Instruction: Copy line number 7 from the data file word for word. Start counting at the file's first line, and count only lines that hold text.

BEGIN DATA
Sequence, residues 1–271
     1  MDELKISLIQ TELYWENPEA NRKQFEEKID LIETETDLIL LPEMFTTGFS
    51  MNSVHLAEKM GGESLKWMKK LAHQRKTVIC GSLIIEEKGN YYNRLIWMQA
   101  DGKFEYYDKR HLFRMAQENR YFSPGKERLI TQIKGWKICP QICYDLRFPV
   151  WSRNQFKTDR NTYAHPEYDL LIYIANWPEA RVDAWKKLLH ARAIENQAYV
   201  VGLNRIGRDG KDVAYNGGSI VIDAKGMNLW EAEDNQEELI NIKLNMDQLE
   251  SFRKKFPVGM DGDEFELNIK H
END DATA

   251  SFRKKFPVGM DGDEFELNIK H